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ObjectiveWhen modern economics was born in the 18th century, Adam Smith made it a historical study of man and the rising commercial society. For Smith, economics is first and foremost concerned with wealth-creation, where the division of labor is the key organizing principle. In the next century, David Ricardo shifted the focus of economics from production to distribution. Over the course of the 20th century, economics has gradually metamorphosed into the logic of choice and taken mathematics as its language. These two transformations have together made economics a towering discipline in the social sciences. But this achievement comes with a heavy price. Economics has largely become a theory-driven subject, severed from the ordinary business of life. Rather than seeing this disconnection as a fatal flaw undermining the vitality of the discipline, many economists take pride in that economics is no longer confined to any subject matter, but stands as a versatile, subject-free analytical approach.
The Coase Society aims to reorient economics as a study of man and the economy. The human economy is a man-made, evolving complex system of cooperation and competition. The defining character of the market economy is its continuous innovation, churning out novel products from the constantly adapting structure of production. This dynamics is kept alive by entrepreneurship and the growth of knowledge. To understand how this open system works requires both empirical and theoretical efforts. But theory-building, unless informed and disciplined by facts on the ground, can easily degenerate into "blackboard economics". Empirical work is most valuable only when it changes the way we look at the problem. The paucity of systematic interaction and mutual learning between empiricists and theorists and the lack of competition in research methodology in modern economics have severely sterilized the discipline.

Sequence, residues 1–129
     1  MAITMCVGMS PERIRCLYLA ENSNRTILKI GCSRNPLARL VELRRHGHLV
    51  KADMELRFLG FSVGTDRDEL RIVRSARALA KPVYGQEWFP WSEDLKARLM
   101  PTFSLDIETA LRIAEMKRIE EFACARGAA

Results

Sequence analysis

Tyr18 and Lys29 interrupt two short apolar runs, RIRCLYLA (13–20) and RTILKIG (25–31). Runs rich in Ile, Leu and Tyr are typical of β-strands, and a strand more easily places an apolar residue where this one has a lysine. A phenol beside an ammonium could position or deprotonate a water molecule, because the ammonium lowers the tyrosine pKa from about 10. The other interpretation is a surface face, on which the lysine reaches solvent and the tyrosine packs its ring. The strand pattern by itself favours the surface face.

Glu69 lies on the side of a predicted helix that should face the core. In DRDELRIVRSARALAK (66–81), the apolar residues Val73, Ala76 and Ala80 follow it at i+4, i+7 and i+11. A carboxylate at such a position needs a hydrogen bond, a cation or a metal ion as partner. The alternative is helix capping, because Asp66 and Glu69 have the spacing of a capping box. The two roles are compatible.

Man and the Economy is not to replace the prevailing paradigm in economics with what the Society believes as a different and superior one. Such a paradigm simply does not exist yet. But economics as currently practiced ought to change. Working with students of economies across disciplines and all over the world, and bringing diversity and competition into the marketplace for economics ideas, Man and the Economy can help to make it happen. We welcome empirical (historical, qualitative, statistical, experimental) investigations and theoretical explorations that deepen our understanding of how the economy works and how it changes over time. Man and the Economy is keen to publish articles that examine how the market economy spreads throughout the globe and adapts to local conditions as well as studies that cross disciplinary boundaries and/or integrate diverse methods to shed light on the working of the economy.
Click Here to read the newly-published interview with Dr. Ronald Coase!
Article formatsOriginal Articles (regular research papers), Research Notes (interesting ideas and findings not fully developed), Voices from the Field (contributions from practitioners in the business and policy community that are of interest to scholars), Marketplace for Ideas (interviews with leading scholars and other game-changers in the field), Wisdom of the Past (insights on man and the economy that have been forgotten), and Letters from Readers. We expect to open more columns in the future and welcome suggestions from readers and contributors alike.
Information on submission process